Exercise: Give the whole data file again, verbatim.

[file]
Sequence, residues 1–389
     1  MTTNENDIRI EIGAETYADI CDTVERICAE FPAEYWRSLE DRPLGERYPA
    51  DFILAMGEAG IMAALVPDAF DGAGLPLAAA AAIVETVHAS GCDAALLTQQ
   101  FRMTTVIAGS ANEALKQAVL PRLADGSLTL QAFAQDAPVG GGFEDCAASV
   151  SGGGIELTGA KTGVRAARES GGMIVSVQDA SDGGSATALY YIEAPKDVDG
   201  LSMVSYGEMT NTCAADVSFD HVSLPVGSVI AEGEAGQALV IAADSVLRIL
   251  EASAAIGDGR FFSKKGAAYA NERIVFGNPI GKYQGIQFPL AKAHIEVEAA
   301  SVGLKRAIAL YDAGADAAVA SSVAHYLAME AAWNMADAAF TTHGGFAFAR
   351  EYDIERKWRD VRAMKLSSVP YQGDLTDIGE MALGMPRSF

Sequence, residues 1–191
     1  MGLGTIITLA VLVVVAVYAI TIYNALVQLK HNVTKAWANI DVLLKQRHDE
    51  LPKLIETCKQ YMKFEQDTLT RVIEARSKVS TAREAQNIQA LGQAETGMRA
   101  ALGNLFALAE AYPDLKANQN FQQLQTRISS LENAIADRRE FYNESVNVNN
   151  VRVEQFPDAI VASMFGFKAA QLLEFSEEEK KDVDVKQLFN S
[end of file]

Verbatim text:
Sequence, residues 1–389
     1  MTTNENDIRI EIGAETYADI CDTVERICAE FPAEYWRSLE DRPLGERYPA
    51  DFILAMGEAG IMAALVPDAF DGAGLPLAAA AAIVETVHAS GCDAALLTQQ
   101  FRMTTVIAGS ANEALKQAVL PRLADGSLTL QAFAQDAPVG GGFEDCAASV
   151  SGGGIELTGA KTGVRAARES GGMIVSVQDA SDGGSATALY YIEAPKDVDG
   201  LSMVSYGEMT NTCAADVSFD HVSLPVGSVI AEGEAGQALV IAADSVLRIL
   251  EASAAIGDGR FFSKKGAAYA NERIVFGNPI GKYQGIQFPL AKAHIEVEAA
   301  SVGLKRAIAL YDAGADAAVA SSVAHYLAME AAWNMADAAF TTHGGFAFAR
   351  EYDIERKWRD VRAMKLSSVP YQGDLTDIGE MALGMPRSF

Sequence, residues 1–191
     1  MGLGTIITLA VLVVVAVYAI TIYNALVQLK HNVTKAWANI DVLLKQRHDE
    51  LPKLIETCKQ YMKFEQDTLT RVIEARSKVS TAREAQNIQA LGQAETGMRA
   101  ALGNLFALAE AYPDLKANQN FQQLQTRISS LENAIADRRE FYNESVNVNN
   151  VRVEQFPDAI VASMFGFKAA QLLEFSEEEK KDVDVKQLFN S